Re: reading a book

From: Kate Distin (
Date: Tue 26 Apr 2005 - 07:44:31 GMT

  • Next message: Kate Distin: "Re: reading a book"

    Bill Spight wrote:
    > Dear Kate,
    >> It appears that there are two elements to swing. First, there's a set
    >> of information about it, which can be conveyed representationally in
    >> the same way as any other information (that's what the trumpet-player
    >> did; and that's what you must have been doing in your messages
    >> because before I read them I had no real idea what sort of music
    >> people meant by "swing"). It may not be possible to convey this
    >> information in any simple, follow points 1-10 and you'll know
    >> everything you need to know, sort of way, but it is nonetheless
    >> possible to tell people some information about swing. So in that
    >> sense there is a representational element here.
    > Well, what the trumpet player said was a hint. While that triplet
    > pattern is associated with swing, there are plenty of other swinging
    > patterns (if you will), and, even more importantly, I could have played
    > that pattern without swing. The performance as a whole might not have
    > flopped, but I would have. Anyway, a hint is not a representation.

    What the trumpet player said may not have fed directly into how you then behaved, but he did nonetheless impart *some* information to you. His words represented some information. What you did with that information might not have been what he intended but that doesn't mean it wasn't a representation in the first place.

    Hint: stressing the first note of each bar will make your waltz sound more "waltz-like".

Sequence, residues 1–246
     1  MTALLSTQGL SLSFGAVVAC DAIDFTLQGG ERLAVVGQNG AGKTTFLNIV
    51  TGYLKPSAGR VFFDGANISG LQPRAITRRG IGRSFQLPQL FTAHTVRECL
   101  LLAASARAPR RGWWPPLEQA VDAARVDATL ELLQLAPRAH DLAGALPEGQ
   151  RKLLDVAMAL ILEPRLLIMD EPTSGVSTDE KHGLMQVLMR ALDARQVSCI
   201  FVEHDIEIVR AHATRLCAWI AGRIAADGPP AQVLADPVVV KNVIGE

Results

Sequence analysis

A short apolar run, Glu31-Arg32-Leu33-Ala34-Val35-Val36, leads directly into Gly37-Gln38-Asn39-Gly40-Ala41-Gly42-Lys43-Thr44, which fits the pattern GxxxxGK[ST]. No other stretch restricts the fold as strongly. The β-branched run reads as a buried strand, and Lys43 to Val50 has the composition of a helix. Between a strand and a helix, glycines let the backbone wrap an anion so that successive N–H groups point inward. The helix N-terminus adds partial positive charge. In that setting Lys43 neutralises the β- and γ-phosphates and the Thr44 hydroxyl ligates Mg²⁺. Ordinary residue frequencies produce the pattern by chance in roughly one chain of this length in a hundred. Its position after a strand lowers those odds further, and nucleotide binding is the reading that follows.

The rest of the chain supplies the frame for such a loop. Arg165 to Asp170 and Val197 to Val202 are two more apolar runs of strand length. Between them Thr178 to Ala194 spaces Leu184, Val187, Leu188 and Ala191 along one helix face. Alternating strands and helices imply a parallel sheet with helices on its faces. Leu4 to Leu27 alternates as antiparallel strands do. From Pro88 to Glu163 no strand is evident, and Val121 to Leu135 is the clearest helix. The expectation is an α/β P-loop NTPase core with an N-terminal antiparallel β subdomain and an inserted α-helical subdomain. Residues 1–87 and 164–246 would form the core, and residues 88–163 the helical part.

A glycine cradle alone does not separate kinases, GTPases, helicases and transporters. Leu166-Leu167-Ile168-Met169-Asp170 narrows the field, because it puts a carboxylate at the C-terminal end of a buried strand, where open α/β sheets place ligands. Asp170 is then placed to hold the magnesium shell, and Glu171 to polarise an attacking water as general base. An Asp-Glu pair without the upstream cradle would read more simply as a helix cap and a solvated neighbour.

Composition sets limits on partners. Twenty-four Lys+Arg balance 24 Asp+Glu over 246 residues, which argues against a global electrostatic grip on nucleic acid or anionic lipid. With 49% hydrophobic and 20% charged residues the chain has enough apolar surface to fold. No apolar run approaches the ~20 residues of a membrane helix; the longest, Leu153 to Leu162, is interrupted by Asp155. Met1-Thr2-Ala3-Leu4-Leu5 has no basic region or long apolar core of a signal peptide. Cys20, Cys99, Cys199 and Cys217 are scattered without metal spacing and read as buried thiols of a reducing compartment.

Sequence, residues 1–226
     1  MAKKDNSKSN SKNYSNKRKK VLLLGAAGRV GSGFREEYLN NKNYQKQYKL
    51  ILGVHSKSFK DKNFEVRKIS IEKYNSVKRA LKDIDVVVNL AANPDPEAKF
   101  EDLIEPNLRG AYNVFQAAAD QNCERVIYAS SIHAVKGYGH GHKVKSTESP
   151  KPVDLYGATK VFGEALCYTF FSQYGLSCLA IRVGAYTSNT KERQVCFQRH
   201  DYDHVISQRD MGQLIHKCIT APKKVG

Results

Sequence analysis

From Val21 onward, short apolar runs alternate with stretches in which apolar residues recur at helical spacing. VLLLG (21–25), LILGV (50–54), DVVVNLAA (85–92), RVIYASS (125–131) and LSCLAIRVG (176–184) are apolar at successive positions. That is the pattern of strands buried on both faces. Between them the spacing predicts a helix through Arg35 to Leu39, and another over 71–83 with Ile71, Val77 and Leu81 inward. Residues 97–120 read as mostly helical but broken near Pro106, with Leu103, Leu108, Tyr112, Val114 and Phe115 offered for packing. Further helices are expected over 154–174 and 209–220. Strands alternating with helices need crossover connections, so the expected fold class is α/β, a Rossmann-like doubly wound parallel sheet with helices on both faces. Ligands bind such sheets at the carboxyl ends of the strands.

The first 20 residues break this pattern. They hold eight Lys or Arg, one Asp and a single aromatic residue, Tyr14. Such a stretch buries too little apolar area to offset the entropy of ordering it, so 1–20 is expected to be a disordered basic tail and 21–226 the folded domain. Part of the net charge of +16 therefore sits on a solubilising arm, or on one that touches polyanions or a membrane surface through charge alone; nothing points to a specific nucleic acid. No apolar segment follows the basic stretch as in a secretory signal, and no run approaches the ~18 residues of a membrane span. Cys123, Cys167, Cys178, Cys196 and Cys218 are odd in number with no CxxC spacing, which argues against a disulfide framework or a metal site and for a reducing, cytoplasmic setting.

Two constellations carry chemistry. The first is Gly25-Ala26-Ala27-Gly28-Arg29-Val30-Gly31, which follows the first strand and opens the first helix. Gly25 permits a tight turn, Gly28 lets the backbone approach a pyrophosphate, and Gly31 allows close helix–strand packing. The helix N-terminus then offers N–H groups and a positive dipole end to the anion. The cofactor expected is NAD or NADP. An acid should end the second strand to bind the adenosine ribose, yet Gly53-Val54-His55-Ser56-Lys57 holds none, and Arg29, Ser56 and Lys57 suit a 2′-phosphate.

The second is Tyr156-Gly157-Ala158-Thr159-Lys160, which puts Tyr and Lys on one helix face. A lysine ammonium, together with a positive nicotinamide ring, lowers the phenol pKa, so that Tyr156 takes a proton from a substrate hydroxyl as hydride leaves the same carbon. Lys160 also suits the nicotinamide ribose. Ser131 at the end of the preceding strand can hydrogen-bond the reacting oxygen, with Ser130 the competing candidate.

In what sense is that not a representation?

    >> Secondly, there's an experiential element. This element you can't
    >> get by talking *about* it. You have to *do* it. The talking can
    >> help tell you how to do it, but until you actually give it a go you
    >> won't get the feel of this style of music.
    >> Now this second element is no different from what goes on when we
    >> learn any new skill. You can listen to people talking about driving
    >> skills for as long as you like, but not learn how to drive without
    >> getting in a car. You can read all the books you like about
    >> child-rearing, but nobody can learn how to be a parent without
    >> raising an actual child. You can have A grades in Scripture and
    >> Theology but not understand what it means to be a Christian until
    >> you've experienced a relationship with God.
    > I don't think we're talking about skill so much as sensibility. During
    > the Swing Era there were millions of hipsters who knew what swing was,
    > even if they could not play music, even if they could not describe it,
    > and there were millions of squares who did not know what it was, even if
    > they had heard it on the radio or in person many times.

    Right - you can "get" swing by hearing it rather than playing it. But you cannot "get" it without doing either. So there is still an experiential element even if it's an auditory rather than a motor experience.


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